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Cécile Stelzer Johnson

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since Mar 09, 2015
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Recent posts by Cécile Stelzer Johnson

Oh, Sarah, the one sentence that stopped me in my tracks was :"... my husband is totally against removing or topping it ...".
I share Jim's opinion on that. It is very frustrating to have a dream that your partner does not share.
He does not want to top off the trees because they hide the neighbors' house? Yep. I understand that, but on a relatively flat surface, a hedge 6-7 ft tall would also hide them but maybe not cast as big a shadow? [ although I see that you don't have a flat surface].
How does he feel about the trash? If he is not inclined to have a garden, perhaps he is inclined to have a nice looking property, in which case he might help you remove the trash, cull the apple tree. It is also a question of safety: rusty nails/screws can puncture shoes and make vicious wounds, and if other construction debris are there, it may be dangerous for children. Not only is trash unsightly, but there might be chemicals that would make gardening an impossibility. (A trash pile all too often becomes a refuse where *everything* goes!
Does your hubby will have his own ideas about where a garden could be located? or he does not share your enthusiasm about having one? I share your sadness about losing trees, but sometimes, they are beyond pruning/reviving, in which case a better tree could be planted.
It sounds like you are a bit overwhelmed right now about all the work your piece of land needs, in which case I really think that engaging your hubby might be a better pathway. If he doesn't care for this kind of work, but agrees that the work needs doing, it might be a good idea to suggest hiring temporary help. There are many people that would appreciate making a little money on the side in exchange for clearing an area, and it would relieve the doldrums. Once in a while, I have to many eggs and they don't sell, so I go to a pantry. There are folks who may not be available for a full 8 hours job but will work 4-6 hours on a specific project.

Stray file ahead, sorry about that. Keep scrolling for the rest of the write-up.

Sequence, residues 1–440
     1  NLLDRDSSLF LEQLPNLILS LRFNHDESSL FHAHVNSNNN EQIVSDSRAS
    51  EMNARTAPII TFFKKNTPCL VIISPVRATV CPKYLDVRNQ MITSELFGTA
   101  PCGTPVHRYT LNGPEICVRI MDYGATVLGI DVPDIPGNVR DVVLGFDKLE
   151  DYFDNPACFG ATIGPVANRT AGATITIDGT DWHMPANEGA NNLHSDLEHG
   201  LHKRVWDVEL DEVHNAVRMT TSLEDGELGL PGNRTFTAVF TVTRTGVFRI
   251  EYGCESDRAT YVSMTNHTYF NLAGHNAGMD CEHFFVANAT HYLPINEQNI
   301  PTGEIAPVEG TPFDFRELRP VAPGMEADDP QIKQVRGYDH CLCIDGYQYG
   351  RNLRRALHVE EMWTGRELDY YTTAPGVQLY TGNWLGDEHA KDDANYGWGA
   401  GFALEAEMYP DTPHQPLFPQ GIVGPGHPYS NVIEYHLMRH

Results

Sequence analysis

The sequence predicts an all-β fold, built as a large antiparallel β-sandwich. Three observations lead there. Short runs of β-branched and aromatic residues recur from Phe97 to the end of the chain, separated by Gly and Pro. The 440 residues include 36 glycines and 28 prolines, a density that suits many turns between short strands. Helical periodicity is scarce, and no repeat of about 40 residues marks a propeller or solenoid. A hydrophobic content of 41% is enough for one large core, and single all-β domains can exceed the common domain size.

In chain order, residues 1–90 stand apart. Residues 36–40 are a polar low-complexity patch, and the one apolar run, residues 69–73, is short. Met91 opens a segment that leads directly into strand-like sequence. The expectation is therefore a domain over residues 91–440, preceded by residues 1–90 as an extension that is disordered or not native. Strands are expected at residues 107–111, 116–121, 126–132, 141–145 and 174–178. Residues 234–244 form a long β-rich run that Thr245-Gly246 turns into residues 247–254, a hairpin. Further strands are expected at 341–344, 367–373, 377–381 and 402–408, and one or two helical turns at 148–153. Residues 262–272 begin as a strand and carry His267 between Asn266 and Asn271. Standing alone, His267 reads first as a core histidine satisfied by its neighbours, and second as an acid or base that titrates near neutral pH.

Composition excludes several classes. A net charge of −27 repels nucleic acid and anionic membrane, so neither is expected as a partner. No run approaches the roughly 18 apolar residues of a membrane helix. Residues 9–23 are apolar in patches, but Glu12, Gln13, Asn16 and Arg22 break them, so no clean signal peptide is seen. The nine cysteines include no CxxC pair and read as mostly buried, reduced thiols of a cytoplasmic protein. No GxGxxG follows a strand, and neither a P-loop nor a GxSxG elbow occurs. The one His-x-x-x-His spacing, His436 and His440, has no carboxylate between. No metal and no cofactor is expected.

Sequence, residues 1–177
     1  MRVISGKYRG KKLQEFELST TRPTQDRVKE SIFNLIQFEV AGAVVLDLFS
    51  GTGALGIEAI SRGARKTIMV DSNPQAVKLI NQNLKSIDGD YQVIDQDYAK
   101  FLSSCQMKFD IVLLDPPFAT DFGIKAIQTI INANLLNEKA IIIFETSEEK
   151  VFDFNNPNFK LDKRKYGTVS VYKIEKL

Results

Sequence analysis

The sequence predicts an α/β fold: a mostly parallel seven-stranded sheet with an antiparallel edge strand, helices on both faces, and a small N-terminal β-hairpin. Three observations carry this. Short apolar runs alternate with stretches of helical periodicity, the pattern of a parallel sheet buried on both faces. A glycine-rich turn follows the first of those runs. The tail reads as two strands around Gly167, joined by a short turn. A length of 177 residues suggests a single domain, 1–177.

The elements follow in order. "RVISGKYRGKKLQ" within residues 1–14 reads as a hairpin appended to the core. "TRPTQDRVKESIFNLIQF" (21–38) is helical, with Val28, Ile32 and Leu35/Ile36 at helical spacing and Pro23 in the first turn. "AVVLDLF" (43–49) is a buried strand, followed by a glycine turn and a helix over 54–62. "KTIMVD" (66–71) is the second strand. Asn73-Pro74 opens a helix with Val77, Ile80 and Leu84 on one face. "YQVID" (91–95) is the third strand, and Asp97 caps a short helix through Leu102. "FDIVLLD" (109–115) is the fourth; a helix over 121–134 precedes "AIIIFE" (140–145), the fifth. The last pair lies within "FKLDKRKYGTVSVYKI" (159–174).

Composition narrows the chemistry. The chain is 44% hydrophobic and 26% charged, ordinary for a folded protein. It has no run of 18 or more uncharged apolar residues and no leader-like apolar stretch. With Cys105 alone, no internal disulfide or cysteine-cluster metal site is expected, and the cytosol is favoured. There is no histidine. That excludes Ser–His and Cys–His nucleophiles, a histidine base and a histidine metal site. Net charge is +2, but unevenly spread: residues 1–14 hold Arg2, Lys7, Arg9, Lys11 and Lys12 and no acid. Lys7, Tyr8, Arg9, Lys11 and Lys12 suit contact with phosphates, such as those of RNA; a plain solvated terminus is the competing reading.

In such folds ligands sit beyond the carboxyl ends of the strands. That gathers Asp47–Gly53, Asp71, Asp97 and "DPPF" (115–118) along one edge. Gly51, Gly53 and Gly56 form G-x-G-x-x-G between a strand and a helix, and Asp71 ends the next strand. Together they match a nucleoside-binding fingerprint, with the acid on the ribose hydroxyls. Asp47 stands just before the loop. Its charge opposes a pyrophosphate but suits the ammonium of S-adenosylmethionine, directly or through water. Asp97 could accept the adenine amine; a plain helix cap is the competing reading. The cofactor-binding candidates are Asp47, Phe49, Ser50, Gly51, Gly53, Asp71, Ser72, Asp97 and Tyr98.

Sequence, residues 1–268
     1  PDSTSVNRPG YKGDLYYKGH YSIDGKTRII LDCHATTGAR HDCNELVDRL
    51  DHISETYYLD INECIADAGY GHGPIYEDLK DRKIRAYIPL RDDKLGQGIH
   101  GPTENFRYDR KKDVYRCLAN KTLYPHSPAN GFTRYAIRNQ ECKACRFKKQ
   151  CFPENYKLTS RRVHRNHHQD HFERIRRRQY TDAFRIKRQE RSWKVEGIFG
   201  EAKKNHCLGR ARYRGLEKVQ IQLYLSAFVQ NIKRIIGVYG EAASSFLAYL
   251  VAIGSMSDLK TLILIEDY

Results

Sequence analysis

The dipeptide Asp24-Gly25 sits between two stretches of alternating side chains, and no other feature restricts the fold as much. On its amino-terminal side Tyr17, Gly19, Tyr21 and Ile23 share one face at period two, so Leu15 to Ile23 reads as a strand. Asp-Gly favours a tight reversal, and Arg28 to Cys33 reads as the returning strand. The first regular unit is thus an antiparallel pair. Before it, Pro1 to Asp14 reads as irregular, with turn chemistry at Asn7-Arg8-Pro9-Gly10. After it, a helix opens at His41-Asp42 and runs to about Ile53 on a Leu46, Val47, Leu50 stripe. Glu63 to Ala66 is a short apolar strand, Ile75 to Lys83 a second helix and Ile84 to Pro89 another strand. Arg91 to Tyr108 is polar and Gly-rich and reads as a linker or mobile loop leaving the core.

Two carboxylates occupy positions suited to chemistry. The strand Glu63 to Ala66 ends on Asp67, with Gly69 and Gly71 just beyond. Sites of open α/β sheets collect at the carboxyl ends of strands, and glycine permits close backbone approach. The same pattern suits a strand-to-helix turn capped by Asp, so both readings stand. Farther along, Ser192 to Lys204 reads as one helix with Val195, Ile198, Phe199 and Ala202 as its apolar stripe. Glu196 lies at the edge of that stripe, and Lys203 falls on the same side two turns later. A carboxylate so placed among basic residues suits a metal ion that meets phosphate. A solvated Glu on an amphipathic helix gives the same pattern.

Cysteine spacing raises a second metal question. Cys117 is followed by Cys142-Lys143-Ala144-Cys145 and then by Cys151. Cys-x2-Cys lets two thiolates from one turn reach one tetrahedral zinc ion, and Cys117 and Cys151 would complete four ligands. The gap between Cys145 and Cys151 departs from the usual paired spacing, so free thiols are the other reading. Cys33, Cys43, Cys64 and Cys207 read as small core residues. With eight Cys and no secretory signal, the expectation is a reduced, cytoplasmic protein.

My hubby doesn't care about gardening or having an orchard or raising chickens. He will help if a bigger tree needs cutting though. And if I need a tool that does not exist or needs fixing, he is really good at that. A marriage entails a great deal of negotiating. The good news is that we all get better at it with time. Take heart: It gets better.
Welcome to Permies, Nick!. Indeed, I can only imagine how busy you can be with so many trees and little ones too!.
So you want something that is perennial in your zone but is not too aggressive and does not require too much maintenance. There are a few options:
1/ You could crop it with something short, as long as the area has to be maintained short anyway.
This is no till, forage friendly: Millet, lentils, whole oats, cowpeas, fenugreek, daikon, brown flax, turnip and mustard. Personally, the mustard is one I would not want: Beekeepers would hate you: The honey hardens in the hive, so it has to be removed as soon as possible!
2/ Perennial white Dutch clover is always great and being a legume, it would be good for trees and pollinating bees.
Although they say it is "perennial", after 2-3 years, it has to be renewed.
3/If you just want to keep it clean with a minimum of effort, this last option is a good one. You would just have to make sure that your soil will be a good match but:
and American meadows a a pretty good company, to boot.
Since I am in zone 4b, and quite sandy, I observe "no mow May" and I need to go only once or twice with the mower. I just let Mother Nature grow whatever she wants [but I remove mustard without any mercy!
Let us know what you do.
5 days ago

Mary Ross-Renard wrote:Since I discovered I could get free wood chips from the electric company, I’ve used them quite happily.  I use a shovel to load them into a cart I pull behind my lawn tractor.  50 shovel-full to fill the cart.  My record is 12 cats in 1 day.  Not bad for an old woman!😁

Well done, Mary! Old women rock! And welcome!
6 days ago
Potato shoots (stems) are sensitive to freezing temperatures. Symptoms of freeze damage may vary from blackening of the leaf margins (minor damage) to death of all aboveground growth (severe damage). Fortunately, severely damaged potatoes will send up new growth (shoots) within 10 to 14 days